I’m Good at Drawing Frogs

When I was 10 years old, I liked drawing almost as much as writing. And though I dabbled in the drawing of reptiles, particularly snakes (which are actually a bit more complex than one might assume, despite their limbless design), I became particularly adept at frogs. If you wanted a drawing of a frog, you came to me.

I enjoyed drawing frogs. I mean, frogs are definitely the sort of creature boys ought to draw if they draw at all. Well, frogs and spiders. (Though if you ask me, spiders are more about math that art. Can you count to eight? You can draw a spider.)

But I also liked horses. Now before you accuse me of being all girly (no, I did NOT sew my own G. I. Joe clothes… I manufactured them – please, make note of the distinction), I’d like to add that my love for horses came from watching The Lone Ranger on TV (a totally masculine show because the protagonist is a cool cowboy who wears a mask), and not from falling in love with Marguerite Henry’s Misty of Chincoteague (although, yes, I did read it – purely for research purposes).

It was only natural that I would attempt to combine my love for drawing and my interest in horses.

Only one problem. I was a frog specialist.

My first attempts at drawing horses were disasters. If you know anything about horses, you know that words like “sleek” and “majestic” define their shape, whereas, frogs are all about “bulbous.”

I quickly became frustrated and disappointed and nearly stopped drawing altogether. I thought that all artists would naturally be able to draw anything they wanted.

Nope.

Thankfully, in the midst of my pre-adolescent pencil-and-paper angst, someone asked for a picture of a frog. I drew it. And it was good. Damn good.

Meanwhile, I bought a book called “How to Draw Horses” or something like that. I studied it. I practiced. And I improved. Had my interests not suddenly shifted to All Things Sports, my horse drawing ability might have soon eclipsed my frog drawing skill.

Okay. Segue here.

When I first started writing, I became quite good at instructional copy. Curriculum, sunday school lessons, things like that. I enjoyed writing instructional copy (in part because I was good at it).

I also loved reading novels.

Do you see where this is going? Of course you do. I wanted to write novels.

My first attempts were pretty awful. They were… bulbous. I almost gave up writing when I realized how far off the mark I was.

But then someone asked me to write curriculum. For money. Real money.

So that’s what I did. And over time, I added all sorts of non-fiction writing to my resume. I became an editor and discovered I was good at that, too. Then I worked my way into editing fiction (which is what I do almost exclusively today). The whole time, I never stopped trying to improve my fiction writing.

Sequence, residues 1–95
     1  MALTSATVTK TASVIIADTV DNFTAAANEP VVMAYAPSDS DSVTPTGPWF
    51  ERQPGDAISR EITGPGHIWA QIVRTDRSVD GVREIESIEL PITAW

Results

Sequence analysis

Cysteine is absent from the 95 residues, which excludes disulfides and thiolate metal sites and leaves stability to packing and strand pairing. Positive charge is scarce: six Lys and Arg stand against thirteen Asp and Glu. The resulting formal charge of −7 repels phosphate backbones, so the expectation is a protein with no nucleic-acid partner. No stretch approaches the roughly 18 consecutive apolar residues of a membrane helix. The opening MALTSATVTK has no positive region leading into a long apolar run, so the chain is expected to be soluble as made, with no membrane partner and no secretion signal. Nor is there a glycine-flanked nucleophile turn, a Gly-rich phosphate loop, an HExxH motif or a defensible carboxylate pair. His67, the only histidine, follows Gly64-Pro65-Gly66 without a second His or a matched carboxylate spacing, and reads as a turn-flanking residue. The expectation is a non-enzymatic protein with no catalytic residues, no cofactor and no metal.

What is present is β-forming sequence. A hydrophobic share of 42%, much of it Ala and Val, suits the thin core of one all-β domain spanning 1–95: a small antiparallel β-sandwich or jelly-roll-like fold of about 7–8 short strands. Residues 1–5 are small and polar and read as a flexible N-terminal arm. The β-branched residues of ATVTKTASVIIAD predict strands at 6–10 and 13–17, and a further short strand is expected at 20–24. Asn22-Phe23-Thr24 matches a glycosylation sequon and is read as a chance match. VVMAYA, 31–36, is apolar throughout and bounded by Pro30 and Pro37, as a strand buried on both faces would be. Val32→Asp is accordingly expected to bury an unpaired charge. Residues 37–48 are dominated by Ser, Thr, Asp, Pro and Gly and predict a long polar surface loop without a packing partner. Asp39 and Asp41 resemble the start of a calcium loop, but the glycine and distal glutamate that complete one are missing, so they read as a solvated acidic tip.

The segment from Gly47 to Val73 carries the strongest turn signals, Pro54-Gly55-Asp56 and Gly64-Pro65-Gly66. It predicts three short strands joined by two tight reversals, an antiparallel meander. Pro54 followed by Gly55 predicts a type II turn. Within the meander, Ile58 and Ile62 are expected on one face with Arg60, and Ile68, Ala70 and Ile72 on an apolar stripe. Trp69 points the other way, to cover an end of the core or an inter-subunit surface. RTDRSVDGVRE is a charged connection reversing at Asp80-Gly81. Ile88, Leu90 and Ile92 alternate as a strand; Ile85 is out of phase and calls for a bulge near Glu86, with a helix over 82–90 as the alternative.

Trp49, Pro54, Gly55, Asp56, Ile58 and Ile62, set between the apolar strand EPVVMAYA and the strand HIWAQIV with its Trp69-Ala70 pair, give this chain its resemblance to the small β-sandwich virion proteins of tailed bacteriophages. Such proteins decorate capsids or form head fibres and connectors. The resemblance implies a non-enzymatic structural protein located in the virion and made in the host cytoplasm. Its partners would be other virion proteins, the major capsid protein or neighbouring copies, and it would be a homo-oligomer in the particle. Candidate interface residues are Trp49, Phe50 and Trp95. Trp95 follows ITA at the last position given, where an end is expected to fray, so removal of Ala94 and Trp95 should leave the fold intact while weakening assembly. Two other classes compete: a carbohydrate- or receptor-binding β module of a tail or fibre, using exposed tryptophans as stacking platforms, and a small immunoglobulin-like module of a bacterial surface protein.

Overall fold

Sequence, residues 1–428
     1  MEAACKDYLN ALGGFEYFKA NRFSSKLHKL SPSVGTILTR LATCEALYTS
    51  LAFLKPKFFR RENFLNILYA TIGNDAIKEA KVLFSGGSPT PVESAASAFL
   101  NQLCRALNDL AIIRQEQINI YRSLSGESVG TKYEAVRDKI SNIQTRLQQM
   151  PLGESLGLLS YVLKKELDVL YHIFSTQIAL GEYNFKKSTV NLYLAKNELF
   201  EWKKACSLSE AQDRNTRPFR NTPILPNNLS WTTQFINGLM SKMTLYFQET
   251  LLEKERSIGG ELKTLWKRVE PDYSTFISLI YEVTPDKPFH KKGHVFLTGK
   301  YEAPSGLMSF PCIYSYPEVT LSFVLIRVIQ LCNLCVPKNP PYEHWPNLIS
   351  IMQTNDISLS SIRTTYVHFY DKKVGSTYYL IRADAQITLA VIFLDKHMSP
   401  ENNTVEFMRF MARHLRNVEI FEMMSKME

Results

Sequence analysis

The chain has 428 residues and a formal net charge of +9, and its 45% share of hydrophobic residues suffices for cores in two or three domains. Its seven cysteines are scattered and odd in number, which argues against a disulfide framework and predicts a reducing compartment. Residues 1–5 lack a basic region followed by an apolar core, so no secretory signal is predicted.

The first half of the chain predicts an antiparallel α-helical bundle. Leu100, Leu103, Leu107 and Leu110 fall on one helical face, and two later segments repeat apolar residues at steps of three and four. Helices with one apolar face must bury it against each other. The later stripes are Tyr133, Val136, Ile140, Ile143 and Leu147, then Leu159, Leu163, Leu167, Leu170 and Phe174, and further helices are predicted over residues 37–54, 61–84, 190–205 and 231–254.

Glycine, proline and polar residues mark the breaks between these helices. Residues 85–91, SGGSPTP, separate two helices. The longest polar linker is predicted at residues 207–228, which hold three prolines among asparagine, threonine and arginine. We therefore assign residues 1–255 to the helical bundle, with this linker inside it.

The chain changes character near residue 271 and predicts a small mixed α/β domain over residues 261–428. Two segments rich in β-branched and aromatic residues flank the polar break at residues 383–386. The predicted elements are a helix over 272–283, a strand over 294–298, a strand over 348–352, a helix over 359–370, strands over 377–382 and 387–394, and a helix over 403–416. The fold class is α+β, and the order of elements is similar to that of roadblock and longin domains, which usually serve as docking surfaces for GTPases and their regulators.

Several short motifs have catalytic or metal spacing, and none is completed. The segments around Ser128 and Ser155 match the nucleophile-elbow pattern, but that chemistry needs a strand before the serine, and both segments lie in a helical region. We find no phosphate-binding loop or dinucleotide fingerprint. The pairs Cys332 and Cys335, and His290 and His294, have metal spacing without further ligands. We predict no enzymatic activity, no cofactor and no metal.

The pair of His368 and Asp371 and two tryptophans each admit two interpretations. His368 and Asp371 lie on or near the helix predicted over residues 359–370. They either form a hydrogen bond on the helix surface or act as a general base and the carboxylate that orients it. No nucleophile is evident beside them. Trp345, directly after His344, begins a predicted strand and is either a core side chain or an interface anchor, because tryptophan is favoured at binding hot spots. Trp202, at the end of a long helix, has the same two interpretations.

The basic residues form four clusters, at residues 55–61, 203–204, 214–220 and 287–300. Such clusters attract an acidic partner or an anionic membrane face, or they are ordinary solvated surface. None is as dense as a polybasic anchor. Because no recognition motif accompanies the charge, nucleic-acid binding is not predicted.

Here’s the perfect place in my over-long post to reveal all the amazing novels I’ve written and published. Except I’m still working on that. I think I’m at a place where my novel writing is as good as (or even better than) my non-fiction writing, and I might just be a better writer than editor. I guess we’ll see soon enough (“soon enough” meaning as soon as I finish the current w.i.p. and start doing just what you’re doing – submitting it to agents).

The point of all this? Simple: Find out what you naturally write well; write lots of it; and, if possible, get paid. Meanwhile, keep getting better at what you love.

Someday, you might just become adept at drawing horses.

Well, that’s it for today… I’ve got a few frogs to draw. Gotta pay the bills, you know?

See you next time.

9 thoughts on “I’m Good at Drawing Frogs

  1. Does this mean there’s no hope for my Great American Bulbous Novel? Sigh.

    Just when I thought I was doing so well…

    By the way, I got tangled up betwixt (and between) art and writing too. Took me longer to untangle from art. Probably because there were no frogs involved.

  2. I was quite adept at drawing horses as a child. Oh, and dinosaurs. Not really sure what that might say about me. I can’t wait for your w.i.p.

  3. I was never good at drawing. I was pretty good at poetry, but I was great at “seeing” things others might not and solving problems from a different angle. Ergo, The Little Man In the Map and a brand new way to learn the name shape and location of all US states. Check it out. There is also a great Froggy on the last page.

  4. There will be no frog pictures. I was 10. I am now…a multiple of 10. In the context of a 10-year-old’s tiny world, my frogs ruled. Today, they’d look like crude cave drawings of amphibious roadkill.

    But thanks for asking. Now get back to writing.

  5. I can totally relate. After a long hiatus from creative writing during which I wrote proposals and marketing materials, my creative muscles are sadly atrophied.

    Thanks for the encouragement to keep exercising them!

  6. Stephen–I know this post was probably meant to be an encouraging kick in the pants for us writers, but did you ever suspect it might also be a booming word of comfort, perhaps even of the Divine nature, for someone such as me?

    The past year, I have been frustrated out of my mind writing and editing business books…and hoping that I could just quit eventually to write what I love instead. However, things seem to foil this plan, such as Monday’s conversation with my client, where I was given a raise on my hourly rate, just because he “is so happy with my work.” Arg.:)

    Your post encouraged me to keep going and not feel as if I am being dragged down the wrong path…that I can be where I want to be eventually. Thank you so much.

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